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If you've gone through a divorce while homeschooling...


extendedforecast
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I'm making steps towards divorce. I am in the process of enrolling one of my dd's into parttime ps high school. I need to find a part time job. I don't want to return to my former career and I'm not interested in teaching/education field. I've gained many skills while homeschooling but I am in transition. Hugs and best wishes to everyone.

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A friend of mine cleaned offices in the evening and took all of her kids along. She also provided after school, school holiday, and summer care for school-aged kids. That way should could mostly have her homeschooling done when the other kids showed up. At one point she even provided overnight and weekend care because she had a large house with an extra bedroom.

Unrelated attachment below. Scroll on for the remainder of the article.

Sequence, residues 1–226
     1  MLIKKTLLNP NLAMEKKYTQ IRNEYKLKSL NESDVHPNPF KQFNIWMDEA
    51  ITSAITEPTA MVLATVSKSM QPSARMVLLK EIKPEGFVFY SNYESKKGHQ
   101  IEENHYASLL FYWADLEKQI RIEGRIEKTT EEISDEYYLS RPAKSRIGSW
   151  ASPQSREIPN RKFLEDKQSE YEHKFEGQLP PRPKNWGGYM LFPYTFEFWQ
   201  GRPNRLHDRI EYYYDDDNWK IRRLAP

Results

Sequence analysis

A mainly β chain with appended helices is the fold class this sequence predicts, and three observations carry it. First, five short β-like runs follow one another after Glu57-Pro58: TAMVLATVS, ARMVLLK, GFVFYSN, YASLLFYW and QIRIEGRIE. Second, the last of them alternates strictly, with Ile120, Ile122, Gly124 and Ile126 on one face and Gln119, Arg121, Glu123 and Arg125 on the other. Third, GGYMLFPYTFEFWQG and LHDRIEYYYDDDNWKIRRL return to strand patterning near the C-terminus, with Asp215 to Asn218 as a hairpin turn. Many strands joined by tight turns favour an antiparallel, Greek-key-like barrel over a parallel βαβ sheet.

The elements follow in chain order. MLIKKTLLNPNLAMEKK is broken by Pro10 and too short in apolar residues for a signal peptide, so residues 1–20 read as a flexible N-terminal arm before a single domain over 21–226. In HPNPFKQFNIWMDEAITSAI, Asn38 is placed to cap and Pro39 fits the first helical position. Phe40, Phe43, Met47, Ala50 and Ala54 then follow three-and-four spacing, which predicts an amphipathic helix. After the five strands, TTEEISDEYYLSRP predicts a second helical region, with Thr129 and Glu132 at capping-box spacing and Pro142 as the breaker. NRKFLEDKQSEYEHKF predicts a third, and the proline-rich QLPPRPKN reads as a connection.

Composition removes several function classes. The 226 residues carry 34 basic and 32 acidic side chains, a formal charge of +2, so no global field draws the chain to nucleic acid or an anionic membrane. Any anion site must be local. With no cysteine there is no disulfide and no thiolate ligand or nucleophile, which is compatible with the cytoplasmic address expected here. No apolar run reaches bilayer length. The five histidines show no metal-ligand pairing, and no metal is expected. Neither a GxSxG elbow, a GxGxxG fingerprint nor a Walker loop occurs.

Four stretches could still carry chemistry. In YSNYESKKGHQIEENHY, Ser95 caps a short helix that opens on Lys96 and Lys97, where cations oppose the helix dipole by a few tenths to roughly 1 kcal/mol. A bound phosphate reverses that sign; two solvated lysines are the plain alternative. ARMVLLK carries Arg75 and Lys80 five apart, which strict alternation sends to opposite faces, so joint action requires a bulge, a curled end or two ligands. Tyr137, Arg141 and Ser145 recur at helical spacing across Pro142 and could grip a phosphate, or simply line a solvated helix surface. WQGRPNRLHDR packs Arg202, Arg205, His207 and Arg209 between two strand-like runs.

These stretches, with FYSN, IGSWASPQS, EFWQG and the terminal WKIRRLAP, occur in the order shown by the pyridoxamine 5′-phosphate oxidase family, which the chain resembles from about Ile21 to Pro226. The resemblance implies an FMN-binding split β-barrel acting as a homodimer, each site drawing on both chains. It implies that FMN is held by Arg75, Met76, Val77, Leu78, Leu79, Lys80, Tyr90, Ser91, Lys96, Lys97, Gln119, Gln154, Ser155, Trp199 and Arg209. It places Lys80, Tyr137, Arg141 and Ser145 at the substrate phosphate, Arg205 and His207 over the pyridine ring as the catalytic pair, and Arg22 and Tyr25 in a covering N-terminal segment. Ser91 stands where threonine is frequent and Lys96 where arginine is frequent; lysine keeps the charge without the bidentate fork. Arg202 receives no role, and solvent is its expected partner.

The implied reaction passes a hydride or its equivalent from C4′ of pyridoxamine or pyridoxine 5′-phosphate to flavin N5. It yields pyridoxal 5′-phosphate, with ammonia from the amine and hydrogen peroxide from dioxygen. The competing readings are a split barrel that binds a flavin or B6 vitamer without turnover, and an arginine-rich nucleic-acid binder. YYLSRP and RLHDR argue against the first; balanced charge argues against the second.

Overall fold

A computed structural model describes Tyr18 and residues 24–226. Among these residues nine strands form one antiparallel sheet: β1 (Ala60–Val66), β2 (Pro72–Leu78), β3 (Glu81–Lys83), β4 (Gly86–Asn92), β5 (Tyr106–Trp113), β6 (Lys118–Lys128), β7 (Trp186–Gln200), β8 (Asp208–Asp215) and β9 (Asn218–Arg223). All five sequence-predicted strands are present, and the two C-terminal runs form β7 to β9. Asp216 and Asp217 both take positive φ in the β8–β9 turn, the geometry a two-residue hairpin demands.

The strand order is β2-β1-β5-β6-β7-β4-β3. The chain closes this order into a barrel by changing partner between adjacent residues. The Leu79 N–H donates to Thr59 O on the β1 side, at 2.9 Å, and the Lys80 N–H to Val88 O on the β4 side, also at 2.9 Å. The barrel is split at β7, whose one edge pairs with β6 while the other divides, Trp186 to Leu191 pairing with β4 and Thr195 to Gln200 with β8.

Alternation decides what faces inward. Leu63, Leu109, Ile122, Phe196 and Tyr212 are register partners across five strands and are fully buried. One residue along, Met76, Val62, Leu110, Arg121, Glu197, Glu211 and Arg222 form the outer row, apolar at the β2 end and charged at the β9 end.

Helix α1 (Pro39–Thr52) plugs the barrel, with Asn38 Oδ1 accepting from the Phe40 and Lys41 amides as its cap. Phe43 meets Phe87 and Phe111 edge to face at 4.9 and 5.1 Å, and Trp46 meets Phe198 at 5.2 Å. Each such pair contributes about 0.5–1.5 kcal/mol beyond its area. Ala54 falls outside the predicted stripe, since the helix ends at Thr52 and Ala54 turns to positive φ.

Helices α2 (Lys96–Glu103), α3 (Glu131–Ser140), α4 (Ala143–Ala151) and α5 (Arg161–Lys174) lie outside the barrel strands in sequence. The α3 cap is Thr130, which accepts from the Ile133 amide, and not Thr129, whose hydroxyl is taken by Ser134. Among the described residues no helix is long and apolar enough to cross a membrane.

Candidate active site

Once all of hers graduated, she renewed her teaching certificate and actually got a job in the "special programs" office for the school system. Now she handles all of the homeschooling paperwork, among other things. I was so pleased to see her signature on the response letter when I sent in my paperwork that my youngest had graduated.

 

I'm done with homeschooling, but DH and I separated this summer. Because I worked all along, we're OK for now, but I don't make much and probably will have to get a job with benefits down the road. I'm an as-needed part-time employee with one employer, and an independent contractor with another. Neither have benefits, and if I can't work, unemployment and SSD are dicey at best. Not a good long-term situation.